Step 2: Melt the Solid Oils
Place all of the solid oils into a pan and place it on the stove. Begin melting them at the lowest heat setting.
Step 3: Blend the Charcoal into the Liquid Oils
Blend the charcoal powder into a little of the sunflower oil with a milk frother or spoon. When there are no lumps left, pour it into the rest of the liquid oils and stir well.
Step 4: Mix the Melted Oil with the Liquid
When the solid oils have just finished melting, take the pan off the heat and mix in the charcoal tinted liquid oil. Pour the tinted oil through a mesh strainer to ensure you catch any chunks of charcoal that weren’t completely mixed in.
Stir and take the oil’s temperature — I mixed my soap at 125°F / 52°C. You can comfortably mix yours when the oils are between 110°F and 130°F. The warmer the oils, the more intense the color will be though.
Step 5: Mix the Lye Solution into the Oils
When the oils are at the temperature you want, it’s time to mix in the lye solution. You need to take its temperature too and it should be within ten degrees (plus or minus) of the temperature of the oil. If you’re adding the optional Sodium Lactate (to make the soap harder) then stir it into the lye solution when it’s below 130°F / 54°C. Pour the lye solution through the mesh strainer and into the pan of oils.
Step 6: Bring the charcoal Soap to ‘Trace’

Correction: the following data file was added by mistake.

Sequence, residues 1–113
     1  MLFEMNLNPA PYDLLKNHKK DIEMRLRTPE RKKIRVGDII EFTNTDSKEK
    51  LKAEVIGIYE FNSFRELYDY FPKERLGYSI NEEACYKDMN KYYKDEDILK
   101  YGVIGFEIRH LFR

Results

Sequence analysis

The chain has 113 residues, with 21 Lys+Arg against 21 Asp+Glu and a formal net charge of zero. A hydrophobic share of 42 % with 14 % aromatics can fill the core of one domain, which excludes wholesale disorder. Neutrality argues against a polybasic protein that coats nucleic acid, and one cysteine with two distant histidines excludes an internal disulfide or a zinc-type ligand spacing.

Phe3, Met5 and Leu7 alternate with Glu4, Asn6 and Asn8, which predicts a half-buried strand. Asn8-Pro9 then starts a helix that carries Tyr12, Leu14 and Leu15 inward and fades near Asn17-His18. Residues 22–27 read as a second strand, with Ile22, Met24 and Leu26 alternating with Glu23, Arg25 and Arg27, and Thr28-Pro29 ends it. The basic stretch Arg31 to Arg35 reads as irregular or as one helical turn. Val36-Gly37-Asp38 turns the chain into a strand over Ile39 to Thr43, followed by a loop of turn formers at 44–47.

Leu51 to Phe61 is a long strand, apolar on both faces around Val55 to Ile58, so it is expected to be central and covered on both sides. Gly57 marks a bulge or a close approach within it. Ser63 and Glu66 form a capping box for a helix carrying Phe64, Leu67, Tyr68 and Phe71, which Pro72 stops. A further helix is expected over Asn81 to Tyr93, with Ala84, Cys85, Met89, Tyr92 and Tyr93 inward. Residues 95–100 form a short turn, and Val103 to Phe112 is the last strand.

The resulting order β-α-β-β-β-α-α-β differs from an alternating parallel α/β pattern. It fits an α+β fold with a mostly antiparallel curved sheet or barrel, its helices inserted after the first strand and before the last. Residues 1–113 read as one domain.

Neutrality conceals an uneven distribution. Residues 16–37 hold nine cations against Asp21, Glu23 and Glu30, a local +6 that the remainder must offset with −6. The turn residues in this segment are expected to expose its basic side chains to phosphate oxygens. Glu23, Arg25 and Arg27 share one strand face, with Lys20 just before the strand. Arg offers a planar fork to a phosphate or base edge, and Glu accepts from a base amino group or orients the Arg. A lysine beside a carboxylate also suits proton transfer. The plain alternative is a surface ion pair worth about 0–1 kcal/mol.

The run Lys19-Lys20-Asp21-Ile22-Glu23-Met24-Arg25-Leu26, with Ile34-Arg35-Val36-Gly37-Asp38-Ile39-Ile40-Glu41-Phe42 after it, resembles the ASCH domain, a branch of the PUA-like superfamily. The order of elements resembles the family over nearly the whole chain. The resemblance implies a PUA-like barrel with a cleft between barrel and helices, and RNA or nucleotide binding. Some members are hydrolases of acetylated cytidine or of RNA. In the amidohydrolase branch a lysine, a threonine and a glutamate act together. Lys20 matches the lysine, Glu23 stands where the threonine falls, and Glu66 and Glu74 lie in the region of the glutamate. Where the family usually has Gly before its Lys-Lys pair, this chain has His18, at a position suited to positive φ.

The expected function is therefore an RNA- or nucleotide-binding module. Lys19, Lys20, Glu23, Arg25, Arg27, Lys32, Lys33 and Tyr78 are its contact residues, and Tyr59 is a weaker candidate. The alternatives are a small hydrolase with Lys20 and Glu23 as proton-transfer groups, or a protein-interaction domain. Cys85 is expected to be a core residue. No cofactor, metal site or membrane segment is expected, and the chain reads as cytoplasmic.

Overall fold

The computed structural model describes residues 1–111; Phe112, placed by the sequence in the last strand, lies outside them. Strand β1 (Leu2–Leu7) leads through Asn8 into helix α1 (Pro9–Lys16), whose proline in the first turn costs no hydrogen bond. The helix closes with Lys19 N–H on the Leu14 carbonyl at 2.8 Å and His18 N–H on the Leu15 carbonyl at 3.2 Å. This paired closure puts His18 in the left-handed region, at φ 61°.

When the lye and oils combine properly, they ‘Saponify’ and become soap. You use a stick (immersion) blender to help this process and you know you’ve succeeded when your oils and lye solution begins to thicken up like in the photo below. You do this by alternating stirring with gentle pulsing, always keeping the head of the blender submerged in the soap batter.
Step 7: Mix in the Fragrance & Pour
When your soap has hit ‘Trace’, stir in the essential oils and optional Grapefruit Seed Extract. The former is your fragrance and the GSE helps to prolong shelf-life in a natural way — it’s an antioxidant rather than a preservative. When fully mixed in, pour your soap batter into molds, place your optional cedar leaves on top. Wherever the leaves touch the soap, the leaves will darken to almost black. If you want the leaves to stay green you’ll need to press them into the soap after it’s been chopped into bars.
Now cover the soap lightly with a towel. The towel shouldn’t touch the soap and its purpose is to keep the soap warm which helps with creating a consistent color.
Step 8: Unmold, Cut, & Cure your charcoal soap
You leave your soap in the mold for at least 24 hours and if you used Sodium Lactate the soap will be hard after that time. If you didn’t, the soap will have hardened but it will still be soft around the edges — the soap might stick to the mold when you try to push it out. Best wait a few days before trying and/or pop the mold into the freezer for half an hour beforehand.
Once out of the mold, cut the loaf into bars, and cure for 4-6 weeks before using. All this means is to set the soap in an airy place out of the way, and out of direct sunlight. It needs the time for allowing the water content to evaporate out and for the bars to fully harden. For full instructions on how to cure handmade soap head over here
I’m sure that you and any of the recipients of this soap will be pleased with the end product. It smells woodsy yet fresh and has a natural blue-grey tint. Best of all, you’ve made it all by yourself!